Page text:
Sewer tap fees lowered for smaller apartments

By Lenny C. Lepola -

An ordinance that would lower sanitary sewer tap fees for multi-family units of two bedrooms or less was approved by Sunbury Village Council on June 1.

The village’s current sanitary sewer tap fee for a single family home is $7,132. Sunbury Solicitor David Brehm explained that smaller apartment units typically do not have the water use or wastewater load of a single-family home.

The ordinance stipulates that a two-bedroom apartment sewer tap fee be 75 percent of the single family fee, or $5,349; and a one-bedroom or efficiency apartment sewer tap fees be 60 percent of the single-family rate, or $4,279.20. Three-bedroom apartments or above, because of more occupants in each unit, would pay the full single-family sewer tap fee.

With Sunbury Pointe Apartments ready to break ground on a 148-unit complex at the intersection of South Miller Drive and Fairland Avenue, and developer Vince Romanelli considering locating a multi-family complex north of Sunbury Meadows East, multi-family tap fees have become an important development issue.

Brehm said the last time that tap fees were adjusted for multi-family units was in 2001 when the Lifestyle Communities apartment complex was built.

Council members suspended the rules, approved emergency language, and approved the ordinance.

Stan Hildreth was in chambers representing Arrow Industrial Supply. Members of the Village Planning and Zoning Commission approved that firm’s zoning application – with several contingencies — to build a warehouse and office building on Kintner Parkway in Sunbury Industrial Park.

Arrow Industrial Supply repackages nuts, bolts and other hardware for resale. The company has 13 employees — five of them work in sales on the road. The Westerville business has outgrown its 4,000 square-foot facility, and plans to build an 11,000 square-foot facility in Sunbury.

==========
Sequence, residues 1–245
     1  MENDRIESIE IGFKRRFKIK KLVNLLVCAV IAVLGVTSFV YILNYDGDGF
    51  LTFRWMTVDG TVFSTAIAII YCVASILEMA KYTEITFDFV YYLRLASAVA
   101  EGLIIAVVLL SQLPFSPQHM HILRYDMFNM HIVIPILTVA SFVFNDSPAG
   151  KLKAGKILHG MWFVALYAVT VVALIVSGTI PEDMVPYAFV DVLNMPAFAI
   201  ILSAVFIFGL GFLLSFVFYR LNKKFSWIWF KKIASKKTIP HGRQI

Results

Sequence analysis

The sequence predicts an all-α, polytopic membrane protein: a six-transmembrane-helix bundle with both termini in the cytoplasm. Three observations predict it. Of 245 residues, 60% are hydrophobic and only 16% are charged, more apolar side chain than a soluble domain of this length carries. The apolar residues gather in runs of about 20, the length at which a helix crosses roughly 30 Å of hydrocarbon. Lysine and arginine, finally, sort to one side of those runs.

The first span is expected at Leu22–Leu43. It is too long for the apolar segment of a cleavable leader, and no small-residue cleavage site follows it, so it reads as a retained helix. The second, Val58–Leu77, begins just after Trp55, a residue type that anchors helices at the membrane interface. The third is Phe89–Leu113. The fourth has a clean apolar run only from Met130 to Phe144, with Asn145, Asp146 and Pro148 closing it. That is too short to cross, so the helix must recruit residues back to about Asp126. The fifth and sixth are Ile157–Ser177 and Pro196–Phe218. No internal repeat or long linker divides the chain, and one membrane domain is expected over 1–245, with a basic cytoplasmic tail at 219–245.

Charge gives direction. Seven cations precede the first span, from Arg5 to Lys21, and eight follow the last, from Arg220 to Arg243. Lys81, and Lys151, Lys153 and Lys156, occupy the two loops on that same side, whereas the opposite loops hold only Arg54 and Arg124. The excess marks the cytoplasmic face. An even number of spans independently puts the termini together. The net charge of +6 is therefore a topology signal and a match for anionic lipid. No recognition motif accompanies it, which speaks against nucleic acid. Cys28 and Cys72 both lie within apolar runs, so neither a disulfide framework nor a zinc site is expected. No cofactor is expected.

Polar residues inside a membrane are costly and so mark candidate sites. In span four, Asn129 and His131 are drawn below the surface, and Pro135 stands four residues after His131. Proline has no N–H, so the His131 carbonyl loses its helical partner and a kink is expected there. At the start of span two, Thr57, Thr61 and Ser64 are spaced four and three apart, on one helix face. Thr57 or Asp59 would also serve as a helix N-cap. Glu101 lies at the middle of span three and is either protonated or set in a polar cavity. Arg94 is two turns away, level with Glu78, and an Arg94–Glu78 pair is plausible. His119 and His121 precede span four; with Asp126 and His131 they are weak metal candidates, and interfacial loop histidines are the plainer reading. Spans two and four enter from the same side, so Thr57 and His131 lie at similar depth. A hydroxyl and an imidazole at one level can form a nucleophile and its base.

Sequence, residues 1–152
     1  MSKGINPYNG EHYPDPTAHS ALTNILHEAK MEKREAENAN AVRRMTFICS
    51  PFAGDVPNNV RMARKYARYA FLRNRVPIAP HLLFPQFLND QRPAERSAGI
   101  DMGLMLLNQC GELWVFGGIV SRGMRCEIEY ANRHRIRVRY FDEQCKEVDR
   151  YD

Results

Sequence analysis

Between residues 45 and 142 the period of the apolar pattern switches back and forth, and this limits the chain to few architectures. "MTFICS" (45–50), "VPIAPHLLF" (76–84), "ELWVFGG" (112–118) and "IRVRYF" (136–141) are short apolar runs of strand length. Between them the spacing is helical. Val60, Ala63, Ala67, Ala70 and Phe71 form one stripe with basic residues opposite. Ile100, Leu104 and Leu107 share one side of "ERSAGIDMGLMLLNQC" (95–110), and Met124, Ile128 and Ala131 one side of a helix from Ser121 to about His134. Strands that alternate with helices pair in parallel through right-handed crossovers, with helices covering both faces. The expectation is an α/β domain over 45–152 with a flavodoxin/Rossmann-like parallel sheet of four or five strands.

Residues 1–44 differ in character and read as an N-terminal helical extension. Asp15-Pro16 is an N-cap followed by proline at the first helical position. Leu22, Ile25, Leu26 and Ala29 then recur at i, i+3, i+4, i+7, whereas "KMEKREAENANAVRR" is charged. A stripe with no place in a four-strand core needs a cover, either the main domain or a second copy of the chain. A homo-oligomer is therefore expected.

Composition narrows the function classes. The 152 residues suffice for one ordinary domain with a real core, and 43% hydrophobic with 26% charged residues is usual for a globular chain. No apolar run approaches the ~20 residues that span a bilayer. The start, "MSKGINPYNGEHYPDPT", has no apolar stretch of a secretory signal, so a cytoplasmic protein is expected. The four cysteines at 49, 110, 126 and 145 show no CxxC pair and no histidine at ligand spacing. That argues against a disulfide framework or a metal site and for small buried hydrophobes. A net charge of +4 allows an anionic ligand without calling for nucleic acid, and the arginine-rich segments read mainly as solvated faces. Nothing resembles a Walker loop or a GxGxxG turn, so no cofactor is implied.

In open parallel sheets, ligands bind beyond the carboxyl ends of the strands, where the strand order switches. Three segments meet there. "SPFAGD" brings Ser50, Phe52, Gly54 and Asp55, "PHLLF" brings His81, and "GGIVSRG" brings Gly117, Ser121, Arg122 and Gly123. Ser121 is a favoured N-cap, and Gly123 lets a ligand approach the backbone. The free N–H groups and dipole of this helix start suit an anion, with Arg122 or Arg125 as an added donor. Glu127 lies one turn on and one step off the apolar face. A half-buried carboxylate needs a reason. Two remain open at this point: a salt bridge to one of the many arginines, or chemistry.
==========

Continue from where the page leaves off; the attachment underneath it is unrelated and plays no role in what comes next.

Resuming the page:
Because Arrow Industrial plans to build a new structure, the zoning commission’s approval came to council as an ordinance.

The zoning commission’s approval specified natural materials on the building’s front, and curbing throughout the parking lot and along driveways. At the June 1 meeting, Hildreth asked that those requirements be eliminated from the zoning certificate.

“There’s only one building back there with natural materials on front,” Hildreth said. “And nobody in the area has curbing totally around their parking lot. That’s a big issue with trucks backing into docks; and at $45 a foot for 600 feet of curbs, that becomes expensive.”

Hildreth asked for curbing around the front office parking lot, but not along driveways and in the loading dock area where curbing would quickly be damaged by trucks.

Brehm said Arrow Industrial would need a variance approved by the zoning commission for eliminating curbing and/or changing building materials. He recommended approving the ordinance, and having Arrow Industrial return to zoning commission with any variance requests.

Council members approved the ordinance with a suspension of the rules and emergency language.

Council members also approved an ordinance — with a suspension of the rules and emergency language — allowing Pulte Homes to proceed with Sunbury Meadows sections 9 and 10 infrastructure; and held a first reading of an ordinance that, if approved, would allow Scott Fodor to build a Sure Signs facility on the former Ellis Concrete property at 142 Granville St.

By Lenny C. Lepola

Reporter Lenny C. Lepola can be reached at 614-266-6093

Reporter Lenny C. Lepola can be reached at 614-266-6093